After Congress passed the Nineteenth Amendment on June 4, 1919, the group focused on educating women and securing ratification in the South Carolina legislature. Reamer, who organized a women’s citizenship course at the university’s law school that fall, also began taking law courses to prepare for her expanded role as an enfranchised citizen. In June 1920, the Equal Suffrage League merged with the League of Women Voters, and it was this group who met at Craven Hall in downtown Columbia on August 19 to celebrate the amendment’s ratification. Five days later, Reamer was elected president at the official formation of the League of Women Voters of Columbia and Richland County.
On August 30, 1920, Reamer, Bertha Turner Munsell, and Isabel L. Cain swore an oath that they’ve never been convicted of beating their husbands and signed their names to the Richland County Ward One registration book. They, along with Edna Reed Whaley of Aiken, became the first women to register to vote in South Carolina. White women, including the governor’s wife, followed suit across the state. The franchise though, especially in the Democratic Party, was not available to all women. Reports of day-long lines and unsuccessful attempts reached the national headquarters of the National Association for the Advancement of Colored People; even Modjeska Monteith Simkins recalled standing in line for hours with her mother.
This unequal advancement was coded in the Columbia league, which was only open to “any white woman interested in making her vote count.” This stemmed from their direct affiliation with the South Carolina Democratic Party, which barred black voters from participation. The Democratic Party though was the party of white voters across the South; for Reamer and other white activists, this affiliation was thought necessary to pursue their main goal, which was “educate women in citizenship and to urge the adoption of social welfare legislative programs in the national party platforms and the enactment of such programs into laws.”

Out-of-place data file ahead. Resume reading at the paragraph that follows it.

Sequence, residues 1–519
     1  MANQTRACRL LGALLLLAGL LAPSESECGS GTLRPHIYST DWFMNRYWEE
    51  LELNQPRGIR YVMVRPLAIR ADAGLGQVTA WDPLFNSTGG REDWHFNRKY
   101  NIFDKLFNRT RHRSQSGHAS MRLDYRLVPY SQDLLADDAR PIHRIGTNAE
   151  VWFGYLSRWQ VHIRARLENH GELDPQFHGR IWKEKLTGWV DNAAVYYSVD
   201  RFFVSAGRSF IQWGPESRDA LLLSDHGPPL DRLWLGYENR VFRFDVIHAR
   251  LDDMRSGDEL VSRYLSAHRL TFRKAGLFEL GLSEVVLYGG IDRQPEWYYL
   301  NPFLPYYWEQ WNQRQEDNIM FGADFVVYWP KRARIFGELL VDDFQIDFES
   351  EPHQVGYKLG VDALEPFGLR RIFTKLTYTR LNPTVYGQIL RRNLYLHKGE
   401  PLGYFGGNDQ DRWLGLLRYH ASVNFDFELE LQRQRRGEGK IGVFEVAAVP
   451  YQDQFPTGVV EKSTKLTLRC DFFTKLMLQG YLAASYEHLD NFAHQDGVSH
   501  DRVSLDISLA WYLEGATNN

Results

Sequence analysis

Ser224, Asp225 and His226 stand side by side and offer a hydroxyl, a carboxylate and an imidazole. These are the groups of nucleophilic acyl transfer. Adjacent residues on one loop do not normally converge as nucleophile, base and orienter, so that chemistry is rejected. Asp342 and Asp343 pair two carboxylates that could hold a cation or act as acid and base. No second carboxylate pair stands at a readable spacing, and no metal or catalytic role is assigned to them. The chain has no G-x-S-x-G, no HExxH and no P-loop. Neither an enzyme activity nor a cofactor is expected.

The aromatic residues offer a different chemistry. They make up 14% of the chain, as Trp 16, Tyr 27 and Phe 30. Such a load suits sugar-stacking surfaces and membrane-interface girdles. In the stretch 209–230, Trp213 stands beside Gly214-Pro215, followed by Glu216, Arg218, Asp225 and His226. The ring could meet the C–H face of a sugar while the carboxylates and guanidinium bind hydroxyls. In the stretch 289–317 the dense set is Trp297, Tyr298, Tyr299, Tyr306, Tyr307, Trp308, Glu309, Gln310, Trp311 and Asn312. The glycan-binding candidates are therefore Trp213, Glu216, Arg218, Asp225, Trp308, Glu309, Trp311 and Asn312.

“God gave me a brain to use and a heart to love, and I should use them both.”
Ida Salley Reamer
Reamer continued to push the boundaries placed on her by society for another 30 years. After completing her law degree, she earned an MA in 1923 and pursued doctoral work. She also took on cases pro-bono for the black families who lived near the Reamers’ country home in Lexington. Although it mainly helped with gaining title to property, Edgar remembered driving with her grandmother to the county jail and bailing out individuals charged with bootlegging offenses. Edgar also recounted a night when the Ku Klux Klan set fire to a cross in their neighbor’s yard. As she watched from the window, both her grandmother and father loaded shotguns and went to stand with the family as protection.
Reamer’s life seemed full of contradictions. A bridge-playing society maven engaged in public affairs who was just as at “ease fishing with a cane pole and churning butter.” An activist for women’s equality, even though it did not extend to all—but was indicative of the struggles she faced. A married woman, she had to fight for ideals that were extremely unpopular among her husband’s peers and much of South Carolina society and then forge ahead as the Great Depression brought extreme poverty and then the dissolution of the League of Women Voters.
She later co-founded the Richland County Board of Public Welfare (the predecessor of the Department of Social Services) and was appointed chairman of the Richland County War Price and Rationing Board. In one request she noted, “There will be no pay, in money. There will be headaches. But you will earn—and enjoy, I hope—the satisfying knowledge that you performed the important duties your neighbors and your government asked of you in these days of war.” Reamer died in 1958, having earned that satisfaction, even though it came without a paycheck.
SHE DID, so that women could have a voice in government.
Craven Hall, built in 1903 by Edwin Wales Robertson as part of Berkeley Flats, was Columbia’s most elegant social hall in the early twentieth century. Beginning in 1920, it served as the meeting place for the Columbia Equal Suffrage League and its successor, the League of Women Voters of Columbia and Richland County, chaired by Ida Salley Reamer. The structure was destroyed by fire in 1922 and rebuilt shortly thereafter.